Written by: Nathan Stiles, Student and Junior Technical Support Engineer at SolutionInc.
As a university student at Acadia University, I heavily rely on WiFi and Internet connectivity to efficiently and easily manage my study routine. For my first two years at Acadia I lived on residence, where I spent most my time studying and hanging out with friends. Both of these activities mean that I made a lot of use of the WiFi on campus, such as having access to class resources and competing in very competitive Mario kart tournaments. The quality of WiFi in residence differed from the quality of WiFi in the academic buildings. The academic buildings like the library and classrooms had very consistent and good quality WiFi. This is most likely due to the fact that most academic buildings have very large open areas allowing there to be less interference than in residence buildings. WiFi in residence was not bad, although it had its moments where disconnects would happen and the quality/speed would fluctuate. This was likely caused by the high density of the buildings (lots of rooms close together, floors, people and a high concentration of devices). Access Points (APs) at Acadia residences are mounted on the ceiling in public hallways, along with Ethernet port interfaces in each room allowing for a wired connection. Having APs in each room would have made the WiFi experience much smoother and more enjoyable while in residence. Also having my own Personal Area Network (PAN) to manage my devices would’ve been great – something that I’ve learned about at SolutionInc.
My first two years of Computer Science primarily consisted of programming languages (Java, SQL, C, and assembly), math, and data structures. In my second year I was introduced to the C programming language which allowed me to switch from the comfort of the Windows environment over to the world of Linux. This leap into Linux taught me how to code in C (which the Linux operating system is written in) and increase my overall understanding of computers and operating systems. In my third year of Computer Science I took a networking class, which changed how I view and perceive wireless signals as well as how they are transmitted. It’s easy to forget that you’re almost always surrounded by signals that carry data. Not only do these signals carry data, they can travel to the correct device, in the correct location. As much as I learned to theoretically understand networking properties and principles, there is no better way to learn, then to get a job in that field.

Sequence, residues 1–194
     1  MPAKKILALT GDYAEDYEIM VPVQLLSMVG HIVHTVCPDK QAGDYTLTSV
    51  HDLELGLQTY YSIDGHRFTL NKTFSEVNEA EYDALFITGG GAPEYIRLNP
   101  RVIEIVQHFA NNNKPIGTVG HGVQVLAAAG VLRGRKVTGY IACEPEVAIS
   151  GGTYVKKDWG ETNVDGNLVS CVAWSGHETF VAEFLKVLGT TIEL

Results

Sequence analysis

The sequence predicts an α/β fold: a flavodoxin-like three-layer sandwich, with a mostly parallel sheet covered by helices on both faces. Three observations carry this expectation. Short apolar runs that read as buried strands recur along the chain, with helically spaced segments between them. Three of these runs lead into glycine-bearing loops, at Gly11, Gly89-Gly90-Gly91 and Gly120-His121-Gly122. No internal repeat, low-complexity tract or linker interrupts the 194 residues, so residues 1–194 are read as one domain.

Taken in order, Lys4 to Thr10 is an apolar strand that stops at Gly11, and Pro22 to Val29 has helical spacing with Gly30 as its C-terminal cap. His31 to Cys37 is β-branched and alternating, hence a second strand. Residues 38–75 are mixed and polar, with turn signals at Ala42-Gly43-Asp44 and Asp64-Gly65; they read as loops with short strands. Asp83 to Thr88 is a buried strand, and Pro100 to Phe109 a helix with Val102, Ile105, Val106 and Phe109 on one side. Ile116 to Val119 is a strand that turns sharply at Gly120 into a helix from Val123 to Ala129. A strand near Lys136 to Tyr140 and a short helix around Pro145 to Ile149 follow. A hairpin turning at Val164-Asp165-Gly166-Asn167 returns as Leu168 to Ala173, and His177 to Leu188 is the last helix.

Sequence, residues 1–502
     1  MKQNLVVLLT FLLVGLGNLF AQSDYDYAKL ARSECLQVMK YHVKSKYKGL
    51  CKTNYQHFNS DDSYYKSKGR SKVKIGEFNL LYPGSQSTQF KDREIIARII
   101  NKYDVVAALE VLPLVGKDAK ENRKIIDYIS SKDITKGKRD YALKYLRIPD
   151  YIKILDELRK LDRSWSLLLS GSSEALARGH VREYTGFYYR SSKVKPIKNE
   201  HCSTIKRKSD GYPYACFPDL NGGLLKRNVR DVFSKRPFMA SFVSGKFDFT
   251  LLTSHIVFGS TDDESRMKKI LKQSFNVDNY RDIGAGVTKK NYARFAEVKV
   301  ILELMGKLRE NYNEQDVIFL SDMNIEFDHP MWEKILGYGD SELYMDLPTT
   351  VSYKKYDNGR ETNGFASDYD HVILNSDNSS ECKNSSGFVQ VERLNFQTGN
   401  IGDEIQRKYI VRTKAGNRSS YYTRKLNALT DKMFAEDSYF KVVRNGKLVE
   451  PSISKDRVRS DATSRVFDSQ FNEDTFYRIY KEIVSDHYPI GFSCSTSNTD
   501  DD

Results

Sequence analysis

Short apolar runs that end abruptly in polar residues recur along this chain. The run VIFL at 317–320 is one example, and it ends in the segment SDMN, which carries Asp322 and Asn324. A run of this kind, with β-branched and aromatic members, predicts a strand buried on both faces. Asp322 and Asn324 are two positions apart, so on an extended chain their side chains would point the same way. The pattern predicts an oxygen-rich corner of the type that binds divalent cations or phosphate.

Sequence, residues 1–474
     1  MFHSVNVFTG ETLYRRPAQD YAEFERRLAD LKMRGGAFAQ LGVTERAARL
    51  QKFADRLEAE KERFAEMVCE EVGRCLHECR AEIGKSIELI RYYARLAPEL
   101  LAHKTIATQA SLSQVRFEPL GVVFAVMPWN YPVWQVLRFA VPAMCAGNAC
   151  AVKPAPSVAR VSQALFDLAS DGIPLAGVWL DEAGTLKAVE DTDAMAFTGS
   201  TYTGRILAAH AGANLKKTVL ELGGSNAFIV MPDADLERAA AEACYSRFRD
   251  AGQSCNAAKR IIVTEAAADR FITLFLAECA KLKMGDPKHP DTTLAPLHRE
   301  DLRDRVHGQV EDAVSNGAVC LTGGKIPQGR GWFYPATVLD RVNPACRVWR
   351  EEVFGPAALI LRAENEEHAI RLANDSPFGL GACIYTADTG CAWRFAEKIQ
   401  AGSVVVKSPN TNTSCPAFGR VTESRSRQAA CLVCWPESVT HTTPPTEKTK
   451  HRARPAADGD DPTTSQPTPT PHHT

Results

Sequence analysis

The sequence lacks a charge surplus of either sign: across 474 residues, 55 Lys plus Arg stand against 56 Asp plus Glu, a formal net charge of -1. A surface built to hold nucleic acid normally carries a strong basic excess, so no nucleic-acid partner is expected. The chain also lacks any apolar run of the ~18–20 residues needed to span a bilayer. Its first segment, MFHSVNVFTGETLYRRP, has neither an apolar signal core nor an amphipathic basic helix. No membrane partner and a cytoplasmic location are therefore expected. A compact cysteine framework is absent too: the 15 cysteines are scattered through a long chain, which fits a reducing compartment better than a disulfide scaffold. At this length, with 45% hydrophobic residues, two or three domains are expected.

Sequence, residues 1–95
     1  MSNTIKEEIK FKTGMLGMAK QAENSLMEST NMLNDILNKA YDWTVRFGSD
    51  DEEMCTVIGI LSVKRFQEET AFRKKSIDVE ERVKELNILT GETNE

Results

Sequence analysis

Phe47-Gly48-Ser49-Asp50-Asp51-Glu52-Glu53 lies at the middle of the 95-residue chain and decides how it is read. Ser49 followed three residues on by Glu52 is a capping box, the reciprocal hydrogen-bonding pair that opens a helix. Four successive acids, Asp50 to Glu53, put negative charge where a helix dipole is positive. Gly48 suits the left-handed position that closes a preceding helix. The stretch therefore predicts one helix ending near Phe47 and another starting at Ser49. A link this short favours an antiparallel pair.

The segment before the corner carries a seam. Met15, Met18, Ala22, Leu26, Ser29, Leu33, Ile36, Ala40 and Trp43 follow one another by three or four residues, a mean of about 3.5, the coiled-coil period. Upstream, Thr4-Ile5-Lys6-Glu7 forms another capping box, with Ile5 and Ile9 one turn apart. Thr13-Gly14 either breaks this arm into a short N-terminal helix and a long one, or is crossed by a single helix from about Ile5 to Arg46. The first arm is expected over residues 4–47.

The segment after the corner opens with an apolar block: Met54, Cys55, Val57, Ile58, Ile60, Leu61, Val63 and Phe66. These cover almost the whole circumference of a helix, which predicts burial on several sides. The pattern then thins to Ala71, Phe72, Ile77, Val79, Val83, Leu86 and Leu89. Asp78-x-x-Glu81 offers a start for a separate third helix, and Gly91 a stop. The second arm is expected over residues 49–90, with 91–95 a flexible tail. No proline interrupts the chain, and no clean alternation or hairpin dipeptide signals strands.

For the summer between my third and fourth year of school I applied for a co-op position at SolutionInc. I had researched and applied to multiple companies in the IT industry, although SolutionInc was the first company I had applied to as I had heard many good things about the company and the people who worked there. It was my first interview for a tech job and I would be lying if I said I wasn’t nervous. I managed to survive the interview and was offered a position as a Junior Technical Support Engineer for a four month co-op. Over my time at SolutionInc I was able to apply knowledge I had learned at Acadia in programming and networking, (Linux to the SolutionIP software, and networking to reaching servers and APs for support) which allowed me to go to the next step of learning, application. I was then given the chance to extend my coop another four months, until the end of 2018. Every single person at SolutionInc influenced me in some way and gave me invaluable work experience that I would not be able to achieve while at school. I was able to build upon my technical problem-solving skills, professional skills (emails, office etiquette, task management), and even gain some business and marketing insight by creating splash pages for different clients. I’ll be going back to school in January of 2019, but I will not be leaving SolutionInc empty-minded.